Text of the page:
In what some may consider his riskiest interview to date, US President Barack Obama has appeared on Between Two Ferns, a spoof chatshow hosted by Zach Galifianakis, star of The Hangover.
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Galifianakis’s show, which is broadcast online by the comedy website Funny Or Die, has earned cult status for its uncomfortable celebrity interviews. “Is it going to be hard in two years,” he asked Mr Obama, “when you’re no longer President and people stop letting you win at basketball?”
According to a report in the New York Times, the show’s executive producer Mike Farah approached the White House last summer to suggest the President submit himself to Mr Galifianakis’s questioning, in order to promote the Affordable Care Act, the controversial new healthcare law better known as Obamacare.
The President agreed, and the six-minute interview was recorded two weeks ago. His appearance has generated significant social media attention since it debuted online on Tuesday morning. Previous episodes of Between Two Ferns have drawn as many as 30 million views. “When I heard people actually watched this show, I was pretty surprised,” Mr Obama told its host.
The appearance was consistent with the administration’s efforts to engage millennials, and to encourage them to take advantage of the Obamacare provisions. The President used his appearance to urge young people to sign up for health insurance at the website healthcare.gov, which is now in full working order following its disastrous launch in October 2013.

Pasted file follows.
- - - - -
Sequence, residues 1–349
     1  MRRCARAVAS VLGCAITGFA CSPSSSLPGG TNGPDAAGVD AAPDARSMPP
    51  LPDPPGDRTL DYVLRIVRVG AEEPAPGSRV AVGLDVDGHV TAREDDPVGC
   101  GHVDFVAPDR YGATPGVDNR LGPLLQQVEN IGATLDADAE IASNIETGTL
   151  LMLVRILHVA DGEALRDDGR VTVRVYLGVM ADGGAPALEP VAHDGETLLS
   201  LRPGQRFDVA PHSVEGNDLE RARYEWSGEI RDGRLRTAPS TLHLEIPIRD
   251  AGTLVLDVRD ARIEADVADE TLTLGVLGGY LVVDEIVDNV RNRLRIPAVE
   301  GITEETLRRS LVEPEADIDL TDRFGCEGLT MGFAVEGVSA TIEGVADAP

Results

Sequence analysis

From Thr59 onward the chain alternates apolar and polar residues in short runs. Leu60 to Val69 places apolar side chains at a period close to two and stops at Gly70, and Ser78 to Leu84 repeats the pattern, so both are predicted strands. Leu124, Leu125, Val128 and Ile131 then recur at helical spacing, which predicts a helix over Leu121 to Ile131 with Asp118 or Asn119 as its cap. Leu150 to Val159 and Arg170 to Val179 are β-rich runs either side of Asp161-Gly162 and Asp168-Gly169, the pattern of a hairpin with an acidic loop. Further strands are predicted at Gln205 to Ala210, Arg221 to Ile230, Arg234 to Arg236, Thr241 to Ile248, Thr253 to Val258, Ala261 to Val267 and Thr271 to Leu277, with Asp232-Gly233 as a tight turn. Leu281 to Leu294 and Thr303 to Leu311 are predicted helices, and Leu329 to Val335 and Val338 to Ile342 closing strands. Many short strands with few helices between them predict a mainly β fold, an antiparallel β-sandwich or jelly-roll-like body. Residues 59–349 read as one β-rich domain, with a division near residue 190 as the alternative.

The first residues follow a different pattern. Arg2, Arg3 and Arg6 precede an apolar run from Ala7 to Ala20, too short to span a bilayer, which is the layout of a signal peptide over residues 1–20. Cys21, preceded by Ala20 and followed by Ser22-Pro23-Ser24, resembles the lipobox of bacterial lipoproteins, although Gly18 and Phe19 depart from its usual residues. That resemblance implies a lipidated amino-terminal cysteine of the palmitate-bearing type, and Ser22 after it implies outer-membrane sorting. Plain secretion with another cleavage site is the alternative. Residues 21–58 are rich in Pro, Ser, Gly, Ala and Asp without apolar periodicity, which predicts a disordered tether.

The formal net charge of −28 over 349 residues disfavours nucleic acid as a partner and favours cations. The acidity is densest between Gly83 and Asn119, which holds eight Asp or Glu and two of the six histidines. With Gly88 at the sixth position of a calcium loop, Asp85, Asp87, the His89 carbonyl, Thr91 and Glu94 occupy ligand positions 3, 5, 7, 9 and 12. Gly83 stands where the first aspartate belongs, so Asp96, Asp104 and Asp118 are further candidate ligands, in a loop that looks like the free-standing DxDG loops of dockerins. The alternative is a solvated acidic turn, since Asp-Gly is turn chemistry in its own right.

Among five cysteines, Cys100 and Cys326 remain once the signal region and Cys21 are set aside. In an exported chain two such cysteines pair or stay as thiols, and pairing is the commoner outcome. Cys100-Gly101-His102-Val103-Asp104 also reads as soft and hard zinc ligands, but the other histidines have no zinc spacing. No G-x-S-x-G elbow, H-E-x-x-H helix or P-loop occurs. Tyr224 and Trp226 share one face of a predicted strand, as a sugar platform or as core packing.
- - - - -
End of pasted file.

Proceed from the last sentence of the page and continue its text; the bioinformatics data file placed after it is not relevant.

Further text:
Mr Galifianakis asked the President: “You said if you had a son, you would not let him play [American] football. What makes you think that he would want to play football? What if he was a nerd, like you?” Mr Obama replied: “Do you think a woman like Michelle would marry a nerd?”
Asked if he wished he could run for President a third time, Mr Obama said, “If I ran a third time it would be sort of like doing a third Hangover movie. Didn’t really work out very well, did it?”
Mr Farah told the New York Times that the President and his aides were amenable collaborators. “They were definitely easier than working with most Hollywood publicists,” he said.